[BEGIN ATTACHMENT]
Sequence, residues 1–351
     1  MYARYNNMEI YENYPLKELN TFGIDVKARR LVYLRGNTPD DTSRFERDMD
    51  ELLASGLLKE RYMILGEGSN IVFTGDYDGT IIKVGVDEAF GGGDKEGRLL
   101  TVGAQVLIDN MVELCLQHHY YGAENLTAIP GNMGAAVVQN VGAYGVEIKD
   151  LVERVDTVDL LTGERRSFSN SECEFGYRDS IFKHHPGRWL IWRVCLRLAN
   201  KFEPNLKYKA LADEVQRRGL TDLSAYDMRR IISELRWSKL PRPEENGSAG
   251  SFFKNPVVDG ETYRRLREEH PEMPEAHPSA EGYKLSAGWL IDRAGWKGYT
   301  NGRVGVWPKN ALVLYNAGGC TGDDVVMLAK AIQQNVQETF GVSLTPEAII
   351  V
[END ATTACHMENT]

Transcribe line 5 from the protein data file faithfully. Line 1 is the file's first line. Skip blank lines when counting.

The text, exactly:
   151  LVERVDTVDL LTGERRSFSN SECEFGYRDS IFKHHPGRWL IWRVCLRLAN